the last 128K worth of queries and exception errors. This can be a great tool for troubleshooting some SQL Server problems, such as crashes. Unfortunately, this feature uses up SQL Server resources to maintain the trace file than can negatively affect its performance. Generally, you will want to only turn the black box on when troubleshooting, and turn it off during normal production. This way, your SQL Server will be minimally affected. [7.0, 2000] Added 6-6-2001

19. If you have ever performed a SELECT COUNT(*) on a very large table, you know how long it can
take. For example, when I ran the following command on a large table I manage: SELECT COUNT(*) from <table_name> It took 1:09 to count 10,725,948 rows in the table. At the same time, SQL Server had to perform a lot of logical and physical I/O in order to perform the count, chewing up important SQL Server resources. A much faster, and more efficient, way of counting rows in a table is to run the following query:

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SELECT rows FROM sysindexes WHERE id = OBJECT_ID('<table_name>') AND indid < 2 When I run the query against the same table, it takes less than a second to run, and it gave me the same results. Not a bad improvement, and it took virtually no I/O. This is because the row count of your tables is stored in the sysindexes system table of your database. So instead of counting rows when you need to, just look up the row count in the sysindexes table. The is one potential downside to using the sysindexes table. And that this system table is not updated in real time, so it might underestimate the number of rows you actually have. Assuming you have the database option turned on to "Auto Create Statistics" and "Auto Update Statistics", the value you get should be very close to being correct, if not correct. If you can live with a very close estimate, then this is the best way to count rows in your tables. [7.0, 2000] Added 7-3-2001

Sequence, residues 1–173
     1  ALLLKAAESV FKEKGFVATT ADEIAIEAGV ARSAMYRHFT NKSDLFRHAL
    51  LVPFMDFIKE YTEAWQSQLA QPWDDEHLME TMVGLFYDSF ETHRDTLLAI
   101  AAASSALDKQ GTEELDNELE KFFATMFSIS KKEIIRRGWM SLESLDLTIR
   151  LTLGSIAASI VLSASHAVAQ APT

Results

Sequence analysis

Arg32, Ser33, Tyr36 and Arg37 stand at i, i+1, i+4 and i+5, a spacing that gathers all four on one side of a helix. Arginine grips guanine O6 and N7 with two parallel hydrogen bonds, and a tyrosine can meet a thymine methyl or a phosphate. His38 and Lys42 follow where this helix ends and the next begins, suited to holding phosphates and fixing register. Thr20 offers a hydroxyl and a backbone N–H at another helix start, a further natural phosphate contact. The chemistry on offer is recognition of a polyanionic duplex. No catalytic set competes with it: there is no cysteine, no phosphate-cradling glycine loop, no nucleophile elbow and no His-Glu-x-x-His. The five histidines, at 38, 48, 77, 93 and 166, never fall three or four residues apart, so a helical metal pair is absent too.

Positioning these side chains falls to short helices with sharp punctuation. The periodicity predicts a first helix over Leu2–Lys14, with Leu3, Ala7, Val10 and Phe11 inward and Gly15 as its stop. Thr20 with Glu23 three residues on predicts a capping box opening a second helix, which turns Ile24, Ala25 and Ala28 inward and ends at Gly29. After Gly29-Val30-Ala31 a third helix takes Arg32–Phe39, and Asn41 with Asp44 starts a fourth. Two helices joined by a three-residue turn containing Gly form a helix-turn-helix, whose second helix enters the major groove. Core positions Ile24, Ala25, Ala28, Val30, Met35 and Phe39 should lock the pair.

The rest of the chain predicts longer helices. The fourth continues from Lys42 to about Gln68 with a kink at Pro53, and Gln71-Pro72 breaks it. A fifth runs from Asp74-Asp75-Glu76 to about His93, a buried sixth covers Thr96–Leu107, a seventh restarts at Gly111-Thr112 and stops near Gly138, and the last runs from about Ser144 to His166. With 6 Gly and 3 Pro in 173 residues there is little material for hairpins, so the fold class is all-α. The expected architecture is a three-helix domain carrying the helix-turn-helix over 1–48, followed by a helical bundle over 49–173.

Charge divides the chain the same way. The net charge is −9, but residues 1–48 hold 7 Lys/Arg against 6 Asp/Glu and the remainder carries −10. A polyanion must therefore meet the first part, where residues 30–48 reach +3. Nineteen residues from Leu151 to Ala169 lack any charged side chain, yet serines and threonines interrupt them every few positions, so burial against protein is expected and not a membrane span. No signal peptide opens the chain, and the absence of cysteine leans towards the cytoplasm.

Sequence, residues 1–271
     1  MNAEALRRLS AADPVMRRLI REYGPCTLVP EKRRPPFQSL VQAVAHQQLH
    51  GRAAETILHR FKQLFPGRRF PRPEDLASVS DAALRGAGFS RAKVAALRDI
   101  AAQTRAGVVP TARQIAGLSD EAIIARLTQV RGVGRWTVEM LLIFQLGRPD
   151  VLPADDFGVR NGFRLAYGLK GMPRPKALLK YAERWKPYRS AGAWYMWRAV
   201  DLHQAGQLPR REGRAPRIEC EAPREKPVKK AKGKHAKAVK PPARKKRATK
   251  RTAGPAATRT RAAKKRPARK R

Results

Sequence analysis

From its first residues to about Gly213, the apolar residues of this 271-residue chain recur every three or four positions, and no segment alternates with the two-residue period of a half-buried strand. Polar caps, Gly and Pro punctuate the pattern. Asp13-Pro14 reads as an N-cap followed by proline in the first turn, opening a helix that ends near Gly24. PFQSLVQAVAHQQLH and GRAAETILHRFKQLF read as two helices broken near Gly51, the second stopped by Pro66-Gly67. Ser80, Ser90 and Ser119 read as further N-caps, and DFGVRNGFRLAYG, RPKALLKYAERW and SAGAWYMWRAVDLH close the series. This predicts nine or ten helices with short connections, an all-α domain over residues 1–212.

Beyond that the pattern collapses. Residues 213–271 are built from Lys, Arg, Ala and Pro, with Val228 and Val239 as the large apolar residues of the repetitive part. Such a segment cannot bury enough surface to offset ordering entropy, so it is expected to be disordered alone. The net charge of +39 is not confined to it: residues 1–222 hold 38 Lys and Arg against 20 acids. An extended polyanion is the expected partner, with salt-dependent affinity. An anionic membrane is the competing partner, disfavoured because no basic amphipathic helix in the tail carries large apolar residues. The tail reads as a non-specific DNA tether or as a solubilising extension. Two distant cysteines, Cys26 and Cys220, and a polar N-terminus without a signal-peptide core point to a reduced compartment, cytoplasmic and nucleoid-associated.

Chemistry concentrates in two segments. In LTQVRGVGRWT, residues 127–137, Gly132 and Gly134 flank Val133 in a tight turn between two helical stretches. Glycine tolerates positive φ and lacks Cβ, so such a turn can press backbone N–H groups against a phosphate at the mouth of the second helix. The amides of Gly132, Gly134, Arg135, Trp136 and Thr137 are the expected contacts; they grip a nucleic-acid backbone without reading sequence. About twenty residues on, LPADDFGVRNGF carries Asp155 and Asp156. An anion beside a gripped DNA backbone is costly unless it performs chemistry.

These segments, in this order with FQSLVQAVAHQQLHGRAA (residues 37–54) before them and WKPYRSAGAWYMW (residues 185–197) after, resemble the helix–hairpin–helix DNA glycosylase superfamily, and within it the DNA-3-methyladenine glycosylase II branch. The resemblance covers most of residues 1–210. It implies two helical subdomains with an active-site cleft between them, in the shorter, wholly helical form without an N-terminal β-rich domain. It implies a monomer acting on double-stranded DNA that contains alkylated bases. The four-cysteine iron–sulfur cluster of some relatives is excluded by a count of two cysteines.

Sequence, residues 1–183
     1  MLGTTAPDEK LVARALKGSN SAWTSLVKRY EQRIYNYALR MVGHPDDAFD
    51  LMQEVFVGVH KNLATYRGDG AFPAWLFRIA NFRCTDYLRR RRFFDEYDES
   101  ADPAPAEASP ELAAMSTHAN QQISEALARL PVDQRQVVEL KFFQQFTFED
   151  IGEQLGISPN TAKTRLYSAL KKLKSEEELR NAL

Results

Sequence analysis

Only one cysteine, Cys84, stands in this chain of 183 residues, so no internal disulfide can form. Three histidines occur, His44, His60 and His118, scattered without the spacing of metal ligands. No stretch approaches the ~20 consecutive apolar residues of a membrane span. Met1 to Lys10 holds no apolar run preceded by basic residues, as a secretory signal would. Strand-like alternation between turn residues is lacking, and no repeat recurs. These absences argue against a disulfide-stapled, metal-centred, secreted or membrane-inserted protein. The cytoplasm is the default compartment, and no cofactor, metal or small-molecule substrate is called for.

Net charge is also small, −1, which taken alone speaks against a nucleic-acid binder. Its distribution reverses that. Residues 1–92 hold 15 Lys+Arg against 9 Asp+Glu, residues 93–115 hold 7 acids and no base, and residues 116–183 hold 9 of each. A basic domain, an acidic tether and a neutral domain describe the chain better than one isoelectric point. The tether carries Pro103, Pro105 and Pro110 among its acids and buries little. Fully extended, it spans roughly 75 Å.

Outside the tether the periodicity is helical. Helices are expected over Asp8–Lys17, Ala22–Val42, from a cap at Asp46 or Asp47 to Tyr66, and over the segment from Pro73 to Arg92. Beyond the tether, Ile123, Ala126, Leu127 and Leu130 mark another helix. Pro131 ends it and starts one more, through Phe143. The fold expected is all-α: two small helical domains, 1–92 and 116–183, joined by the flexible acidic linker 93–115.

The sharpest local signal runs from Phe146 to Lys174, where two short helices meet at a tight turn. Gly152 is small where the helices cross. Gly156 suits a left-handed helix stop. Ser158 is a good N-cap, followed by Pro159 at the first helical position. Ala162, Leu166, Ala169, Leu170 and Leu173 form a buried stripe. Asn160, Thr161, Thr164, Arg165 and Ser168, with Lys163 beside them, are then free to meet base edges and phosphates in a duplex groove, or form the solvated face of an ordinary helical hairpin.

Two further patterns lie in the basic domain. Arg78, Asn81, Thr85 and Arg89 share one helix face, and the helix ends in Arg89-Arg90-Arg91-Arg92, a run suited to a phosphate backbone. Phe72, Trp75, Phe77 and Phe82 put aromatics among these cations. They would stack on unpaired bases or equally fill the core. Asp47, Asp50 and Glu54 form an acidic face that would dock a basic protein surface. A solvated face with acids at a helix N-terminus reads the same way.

20. Looking for some new tools to help performance tune your operating system? Then check out the
performance tools at Sysinternals. For example, they have tools to defrag your server's swap file, among many others. And best of all, most are free. [6.5, 7.0, 2000] Added 7-3-2001

21. Do you use Enterprise Manager to access remote servers, possibly over a slow WAN link? If you
do, have you ever had any problems getting Enterprise Manager to connect to the remote server? If so, the problem may lay in the fact that if Enterprise Manager cannot make a connection within 4 seconds, then the connection attempt fails. To overcome slow network connections, you can change the default Enterprise Manager timeout value from 4 seconds to any amount of time you like. To change the default timeout value, select Tools|Options from Enterprise Manager, and then select the "Connection" tab if you have SQL Server 7.0, or the "Advanced" tab if you have SQL Server 2000. Here, change the "Login time-out (seconds)" option to a higher number. [7.0, 2000] Added 7-3-2001

22. SQLDIAG.exe is a command line tools that collects information about SQL Server and writes it